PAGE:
Hypothesizing that microemboli from unstable carotid plaque should distribute preferentially to WS area, we found that about one in fifth of brain infarcts occurring in patients with nonhemodynamic carotid stenosis were distributed in WS areas. Although, to the best of our knowledge, it is the first study that explores the association between recent IPH and WSI, we failed to demonstrate a statistically significant link. However, such an association is not excluded since the odds ratio was 2.2 and our statistical power was only 60% to detect an odds ratio of 2.

The pathogenesis of WSI remains debated. In patients with carotid stenosis, hypoperfusion is thought to cause WSI only under the circumstance of cardiac arrest or severe systemic hypoperfusion [4], [5]. Therefore, the vast majority of strokes distal to a carotid stenosis result from artery-to-artery embolism. In fact, autopsy and imaging studies have shown that, after cardiac surgery or after embolization from the aorta, brain infarcts tend to be distributed bilaterally within the brain WS regions, suggesting that borderzone areas are more prone to be involved in case of embolism [6], [7], [16]. Some authors have hypothesized that emboli that enter the vascular bed of distal or WS regions are less likely to be washed-out and cleared [16]. This prevailing distribution in WS areas has been demonstrated mainly in patients with severe carotid stenosis, suggesting that low perfusion is an important determinant in clearance of emboli. However, in such patients, it may be challenging to identify the respective contribution of hypoperfusion and embolization, as both likely act together in the genesis of WSI. Our population was particularly interesting because all patients had moderate stenosis i.e., none had severe haemodynamic impairment. The finding that about 20% of brain infarcts occurring in patients with moderate carotid stenosis were distributed in WS areas is in agreement with the hypothesis that WS areas are susceptible to ischemia.

IPH has been shown to be associated with plaque vulnerability and a high risk of stroke in cross-sectional [12], [14] and longitudinal studies [17]. Previous studies have shown that ulcerated or heterogeneous plaque can produce spontaneous micro-embolic activity at transcranial Doppler [2], [18]. Regarding IPH, only one study has suggested a link between IPH and micro-emboli, although the relation was not statistically significant [13]. This plaque feature is quite easy to identify on MRI with an excellent intra- and inter-observe reproducibility [15]. IPH is therefore among the most promising imaging risk factor to identify high-risk patients. However, there are probably other important plaque characteristics that are associated with plaque vulnerability. Although we also failed to show a significant association between WSI and cap rupture, we cannot exclude such an association considering the poor reproducibility of cap analysis on MRI, especially in case of IPH [15].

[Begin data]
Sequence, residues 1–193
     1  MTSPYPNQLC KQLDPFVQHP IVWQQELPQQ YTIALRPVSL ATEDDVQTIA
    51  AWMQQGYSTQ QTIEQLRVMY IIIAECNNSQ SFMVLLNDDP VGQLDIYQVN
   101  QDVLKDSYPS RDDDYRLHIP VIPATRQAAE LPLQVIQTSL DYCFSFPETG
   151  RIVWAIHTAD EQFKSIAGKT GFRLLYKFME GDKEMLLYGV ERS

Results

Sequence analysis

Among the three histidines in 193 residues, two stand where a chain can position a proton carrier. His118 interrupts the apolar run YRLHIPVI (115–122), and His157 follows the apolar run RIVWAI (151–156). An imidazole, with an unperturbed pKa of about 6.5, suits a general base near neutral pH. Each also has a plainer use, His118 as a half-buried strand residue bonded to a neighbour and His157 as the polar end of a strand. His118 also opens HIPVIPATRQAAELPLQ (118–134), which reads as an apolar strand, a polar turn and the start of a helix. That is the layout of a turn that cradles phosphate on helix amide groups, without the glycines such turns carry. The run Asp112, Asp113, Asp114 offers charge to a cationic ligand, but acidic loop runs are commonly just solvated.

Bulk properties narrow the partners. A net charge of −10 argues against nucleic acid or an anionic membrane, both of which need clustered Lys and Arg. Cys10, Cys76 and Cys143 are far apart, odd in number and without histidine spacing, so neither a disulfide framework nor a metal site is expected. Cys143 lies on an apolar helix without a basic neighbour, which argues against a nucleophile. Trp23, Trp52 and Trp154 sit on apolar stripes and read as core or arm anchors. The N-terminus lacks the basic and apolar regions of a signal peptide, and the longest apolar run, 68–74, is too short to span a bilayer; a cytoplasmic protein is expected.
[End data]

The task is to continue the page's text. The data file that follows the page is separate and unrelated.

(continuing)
Emboli distribution does not depend only on plaque vulnerability. There are several other potential important factors that could influence the distribution of emboli from atherosclerotic lesions in the brain arteries, such as size and thrombus composition. In an experimental study, particles in the 150–210 µm size range distributed preferentially to the watershed zone whereas particles less than 150 µm in size were randomly dispersed in the leptomeningeal arteries of all vascular regions [8]. Otherwise, autopsy studies have shown that composition of the thrombi differs according to the affected territory: occluding emboli in the watershed regions mostly are made of cholesterol crystals with little fibrin whereas those in the core of the arterial territory contain cholesterol crystals and more fibrin [6].

Although we have previously shown almost perfect intraobserver (κ = 0.82; 95% CI 0.68–0.96) and substantial interobserver (κ = 0.62; 95% CI 0.43–0.81) agreements for the identification of IPH on MRI [15], our study has several limitations. First, although we used a large prospective cohort of patients with carotid disease, only half were symptomatic and not all had brain MRI at inclusion. The statistical power was low and our findings are to be interpreted cautiously. Second, the range of arterial stenosis was too narrow to seek for a potential interaction with hemodynamic impairment and the relation between IPH and WSI. Third, we cannot exclude misclassification in WSI diagnosis, although we had two independent readers, consensus assessment and third expert reader in case of disagreement.

In conclusion, about one in fifth of brain infarcts occurring in patients with moderate carotid stenosis were distributed in watershed areas. Albeit not significant, an association between IPH - more generally plaque components - and WSI, cannot be excluded. More studies need to be developed to improve the management of patients with nonhemodynamic carotid stenosis, according to the composition of the plaque on MRI.

1. Jorgensen L,, Torvik A, (Year: 1969) Ischaemic cerebrovascular diseases in an autopsy series. 2. Prevalence, location, pathogenesis, and clinical course of cerebral infarcts. J Neurol Sci9: 285–3205345114
2. Momjian-Mayor I,, Baron JC, (Year: 2005) The pathophysiology of watershed infarction in internal carotid artery disease: review of cerebral perfusion studies. Stroke36: 567–57715692123